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De communicatiemeter; performance indicatoren voor communicatie

Authors:
  • Ex- University of Jyväskylä

Abstract

Vos, M. (2010), De communicatiemeter; performance indicatoren voor communicatie. Utrecht, HU. Dutch publication on quality indicators for communication, including also an application for municipalities.
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The approach of the 'Balanced scorecard' of Kaplan and Norton (1) nowadays is quite well-known in business environments. A balanced scorecard is a measurement and improvement system. We searched for advantages of this approach in communication management and what the conditions for such a system would be. Looking at the structure of the balanced scorecard of Kaplan & Norton we came up with a similar structure consisting of four domains: concern communication, internal communication, marketing communication and organisation of the communication function. We opted for five dimensions of quality and transformed these into indicators specifically for each domain. We then looked into the process necessary to implement such a system of quality control.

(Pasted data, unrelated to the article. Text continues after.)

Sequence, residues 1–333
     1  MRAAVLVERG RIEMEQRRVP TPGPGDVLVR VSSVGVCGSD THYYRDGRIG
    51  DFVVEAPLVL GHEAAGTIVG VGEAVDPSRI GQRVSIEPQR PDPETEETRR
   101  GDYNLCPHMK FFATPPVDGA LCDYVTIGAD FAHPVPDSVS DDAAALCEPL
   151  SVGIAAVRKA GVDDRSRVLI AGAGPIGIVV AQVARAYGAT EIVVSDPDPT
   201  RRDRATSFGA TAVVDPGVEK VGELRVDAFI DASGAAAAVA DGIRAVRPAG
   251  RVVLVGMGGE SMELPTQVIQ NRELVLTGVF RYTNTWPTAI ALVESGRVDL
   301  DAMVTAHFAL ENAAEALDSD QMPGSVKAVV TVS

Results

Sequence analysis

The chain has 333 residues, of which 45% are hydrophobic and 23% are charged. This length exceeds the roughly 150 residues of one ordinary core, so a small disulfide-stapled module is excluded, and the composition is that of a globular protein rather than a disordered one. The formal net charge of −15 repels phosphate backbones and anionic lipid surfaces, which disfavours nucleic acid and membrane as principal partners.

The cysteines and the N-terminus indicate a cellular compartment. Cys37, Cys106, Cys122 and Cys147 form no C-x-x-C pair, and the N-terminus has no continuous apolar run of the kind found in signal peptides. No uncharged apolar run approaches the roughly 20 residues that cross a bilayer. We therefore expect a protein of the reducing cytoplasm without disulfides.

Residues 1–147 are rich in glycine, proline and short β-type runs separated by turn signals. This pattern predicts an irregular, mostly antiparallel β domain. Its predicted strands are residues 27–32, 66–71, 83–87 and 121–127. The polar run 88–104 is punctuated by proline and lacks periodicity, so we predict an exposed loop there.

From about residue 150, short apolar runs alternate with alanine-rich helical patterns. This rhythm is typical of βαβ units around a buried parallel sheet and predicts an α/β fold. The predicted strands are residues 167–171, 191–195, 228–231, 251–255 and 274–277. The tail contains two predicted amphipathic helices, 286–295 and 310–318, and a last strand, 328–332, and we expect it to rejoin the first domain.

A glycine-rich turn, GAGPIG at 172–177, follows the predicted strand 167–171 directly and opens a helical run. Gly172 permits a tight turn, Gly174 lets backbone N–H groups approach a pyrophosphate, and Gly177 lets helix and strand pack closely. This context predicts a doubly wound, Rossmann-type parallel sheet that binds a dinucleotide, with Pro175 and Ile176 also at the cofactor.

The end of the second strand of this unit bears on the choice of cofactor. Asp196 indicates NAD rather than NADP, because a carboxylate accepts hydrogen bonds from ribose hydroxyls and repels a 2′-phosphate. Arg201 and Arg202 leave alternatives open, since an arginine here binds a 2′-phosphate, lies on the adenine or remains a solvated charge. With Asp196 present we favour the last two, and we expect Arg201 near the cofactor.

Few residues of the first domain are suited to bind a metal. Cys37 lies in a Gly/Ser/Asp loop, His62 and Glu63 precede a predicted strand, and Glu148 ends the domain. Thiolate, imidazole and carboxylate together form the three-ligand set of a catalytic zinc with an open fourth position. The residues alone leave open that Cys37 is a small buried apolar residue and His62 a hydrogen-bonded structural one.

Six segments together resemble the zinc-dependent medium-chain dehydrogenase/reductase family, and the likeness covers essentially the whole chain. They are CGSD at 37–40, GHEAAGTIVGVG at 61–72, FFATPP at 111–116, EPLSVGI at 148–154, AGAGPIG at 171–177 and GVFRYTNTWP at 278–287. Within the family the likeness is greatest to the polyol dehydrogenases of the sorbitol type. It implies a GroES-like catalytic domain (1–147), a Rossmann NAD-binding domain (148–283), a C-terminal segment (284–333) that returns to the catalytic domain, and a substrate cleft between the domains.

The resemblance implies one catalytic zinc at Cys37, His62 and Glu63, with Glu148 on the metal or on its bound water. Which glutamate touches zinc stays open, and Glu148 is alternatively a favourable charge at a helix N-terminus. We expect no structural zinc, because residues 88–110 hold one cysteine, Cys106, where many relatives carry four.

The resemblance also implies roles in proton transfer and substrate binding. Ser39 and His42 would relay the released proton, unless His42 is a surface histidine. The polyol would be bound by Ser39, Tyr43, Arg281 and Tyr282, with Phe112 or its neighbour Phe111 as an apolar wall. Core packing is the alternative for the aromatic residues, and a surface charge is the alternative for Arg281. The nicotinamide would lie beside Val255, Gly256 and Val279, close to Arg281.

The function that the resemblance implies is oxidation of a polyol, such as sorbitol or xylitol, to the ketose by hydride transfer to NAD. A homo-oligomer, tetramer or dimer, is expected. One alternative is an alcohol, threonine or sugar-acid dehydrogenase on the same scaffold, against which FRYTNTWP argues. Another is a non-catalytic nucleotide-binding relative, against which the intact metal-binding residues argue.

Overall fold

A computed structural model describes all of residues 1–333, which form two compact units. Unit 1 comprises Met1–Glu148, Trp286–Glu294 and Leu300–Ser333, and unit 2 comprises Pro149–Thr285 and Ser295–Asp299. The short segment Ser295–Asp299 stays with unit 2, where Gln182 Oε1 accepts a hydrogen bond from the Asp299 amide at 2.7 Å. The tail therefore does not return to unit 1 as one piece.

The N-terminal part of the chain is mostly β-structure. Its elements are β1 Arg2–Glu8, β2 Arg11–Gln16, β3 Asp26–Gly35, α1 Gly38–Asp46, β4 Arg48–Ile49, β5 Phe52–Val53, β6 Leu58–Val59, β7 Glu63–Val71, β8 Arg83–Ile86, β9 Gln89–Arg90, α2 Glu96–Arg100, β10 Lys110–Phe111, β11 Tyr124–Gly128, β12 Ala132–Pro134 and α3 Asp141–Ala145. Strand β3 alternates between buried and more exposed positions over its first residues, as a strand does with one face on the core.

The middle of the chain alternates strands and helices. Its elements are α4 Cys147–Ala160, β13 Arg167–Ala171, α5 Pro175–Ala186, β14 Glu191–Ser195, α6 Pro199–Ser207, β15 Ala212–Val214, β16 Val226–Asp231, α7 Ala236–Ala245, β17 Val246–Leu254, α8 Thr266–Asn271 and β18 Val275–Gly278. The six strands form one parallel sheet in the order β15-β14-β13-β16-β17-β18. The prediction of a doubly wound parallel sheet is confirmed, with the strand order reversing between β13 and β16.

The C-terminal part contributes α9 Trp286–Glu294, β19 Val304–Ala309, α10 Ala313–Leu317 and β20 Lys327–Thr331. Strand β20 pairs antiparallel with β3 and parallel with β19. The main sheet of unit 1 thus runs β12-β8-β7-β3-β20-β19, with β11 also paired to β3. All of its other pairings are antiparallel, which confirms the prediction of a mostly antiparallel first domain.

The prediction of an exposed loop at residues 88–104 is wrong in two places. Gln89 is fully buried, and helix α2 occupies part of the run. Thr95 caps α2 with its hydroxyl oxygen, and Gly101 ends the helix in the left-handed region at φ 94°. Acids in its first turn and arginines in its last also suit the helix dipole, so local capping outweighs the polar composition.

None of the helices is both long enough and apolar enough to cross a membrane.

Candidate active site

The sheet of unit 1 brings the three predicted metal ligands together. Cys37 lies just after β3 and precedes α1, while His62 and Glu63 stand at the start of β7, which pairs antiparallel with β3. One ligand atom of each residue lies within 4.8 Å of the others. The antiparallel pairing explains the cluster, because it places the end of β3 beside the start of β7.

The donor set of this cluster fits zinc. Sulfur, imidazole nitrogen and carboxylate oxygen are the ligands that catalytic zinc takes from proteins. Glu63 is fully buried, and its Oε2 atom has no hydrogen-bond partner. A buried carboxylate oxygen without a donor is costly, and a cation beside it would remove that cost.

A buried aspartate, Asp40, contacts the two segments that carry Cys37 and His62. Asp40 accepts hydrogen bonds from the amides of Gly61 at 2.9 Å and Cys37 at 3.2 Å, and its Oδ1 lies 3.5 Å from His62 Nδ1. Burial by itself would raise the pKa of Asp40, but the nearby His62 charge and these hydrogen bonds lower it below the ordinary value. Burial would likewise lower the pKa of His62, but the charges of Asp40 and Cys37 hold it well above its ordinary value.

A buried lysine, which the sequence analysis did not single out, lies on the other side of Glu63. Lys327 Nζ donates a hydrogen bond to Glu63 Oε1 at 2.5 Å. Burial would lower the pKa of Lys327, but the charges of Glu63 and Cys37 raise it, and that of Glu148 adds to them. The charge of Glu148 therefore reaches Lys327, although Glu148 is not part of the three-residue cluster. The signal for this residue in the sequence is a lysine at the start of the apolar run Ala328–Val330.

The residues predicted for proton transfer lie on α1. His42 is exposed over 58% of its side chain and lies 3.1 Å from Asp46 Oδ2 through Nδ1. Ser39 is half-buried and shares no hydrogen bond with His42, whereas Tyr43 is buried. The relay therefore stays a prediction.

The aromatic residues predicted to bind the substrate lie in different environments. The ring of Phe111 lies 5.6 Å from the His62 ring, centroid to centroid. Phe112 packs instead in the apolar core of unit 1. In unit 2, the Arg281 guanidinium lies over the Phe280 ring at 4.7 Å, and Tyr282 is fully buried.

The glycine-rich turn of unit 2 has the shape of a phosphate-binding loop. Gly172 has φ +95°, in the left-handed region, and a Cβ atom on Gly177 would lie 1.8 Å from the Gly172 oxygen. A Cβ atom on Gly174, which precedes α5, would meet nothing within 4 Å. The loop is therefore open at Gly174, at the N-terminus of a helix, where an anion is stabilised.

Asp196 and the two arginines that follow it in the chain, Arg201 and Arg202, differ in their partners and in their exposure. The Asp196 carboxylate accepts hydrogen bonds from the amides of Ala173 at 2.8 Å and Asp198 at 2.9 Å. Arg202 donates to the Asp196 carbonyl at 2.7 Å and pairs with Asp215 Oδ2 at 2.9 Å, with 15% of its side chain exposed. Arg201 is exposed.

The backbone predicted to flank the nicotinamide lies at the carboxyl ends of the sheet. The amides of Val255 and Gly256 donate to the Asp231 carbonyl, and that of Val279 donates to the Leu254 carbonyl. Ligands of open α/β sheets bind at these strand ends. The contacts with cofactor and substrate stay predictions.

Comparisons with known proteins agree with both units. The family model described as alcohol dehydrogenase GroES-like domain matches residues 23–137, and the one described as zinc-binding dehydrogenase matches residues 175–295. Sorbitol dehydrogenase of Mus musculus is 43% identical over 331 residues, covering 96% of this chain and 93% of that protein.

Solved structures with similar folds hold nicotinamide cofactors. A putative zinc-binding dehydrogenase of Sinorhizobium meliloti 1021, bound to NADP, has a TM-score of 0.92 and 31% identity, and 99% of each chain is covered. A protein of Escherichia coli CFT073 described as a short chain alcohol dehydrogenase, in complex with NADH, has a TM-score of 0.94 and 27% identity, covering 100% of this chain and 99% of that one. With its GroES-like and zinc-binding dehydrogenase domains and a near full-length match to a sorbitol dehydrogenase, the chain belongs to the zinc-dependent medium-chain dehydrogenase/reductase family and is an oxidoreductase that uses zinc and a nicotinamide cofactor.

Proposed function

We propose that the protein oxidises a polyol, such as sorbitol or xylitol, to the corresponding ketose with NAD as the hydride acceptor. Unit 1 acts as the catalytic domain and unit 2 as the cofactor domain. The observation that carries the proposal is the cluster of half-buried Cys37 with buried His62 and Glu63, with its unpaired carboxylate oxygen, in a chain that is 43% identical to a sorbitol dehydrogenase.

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Purpose – This study aims to achieve a better understanding of communication quality and how it can be measured in the municipal context. A previously developed instrument for measuring communication in municipalities is tested and evaluated. Design/methodology/approach – The instrument draws on the balanced scorecard of Kaplan and Norton and quality control procedures as utilised by the European Foundation of Quality Measurement (EFQM). For municipalities, communication quality can be defined as the degree to which communication contributes towards the effectiveness of municipal policy and how it strengthens the relationship between citizens and municipal organisations. Three communication functions are given, and for each function seven quality criteria, for example responsiveness, are defined. The latter serve as an umbrella for several indicators that are assessed on a Likert scale. The results for four municipalities in The Netherlands are presented and compared, and the instrument is evaluated. Findings – The corporate communication scores were relatively high, while the policy communication scores were low. Of the quality criteria, accessibility and publicity scored high and responsiveness low. The instrument has mainly been developed on the basis of auditor and self-assessment, as municipalities have, as yet, few facts and figures with which to support the assessment. The measurement instrument needs to be integrated in the organisation's planning cycle, as reflection on the results can help in implementing improvements in quality. The measurement process stimulates dialogue on communication quality and the priorities to be set for communication policy. Research limitations/implications – The study is based on four cases. The instrument needs to be tested across a range of governmental-level organisations. Practical implications – Municipalities can use this instrument to improve the added value of communication. Originality/value – A detailed description of the results of applying an instrument, such as this, developed for assessing communication quality, has not until now been published.
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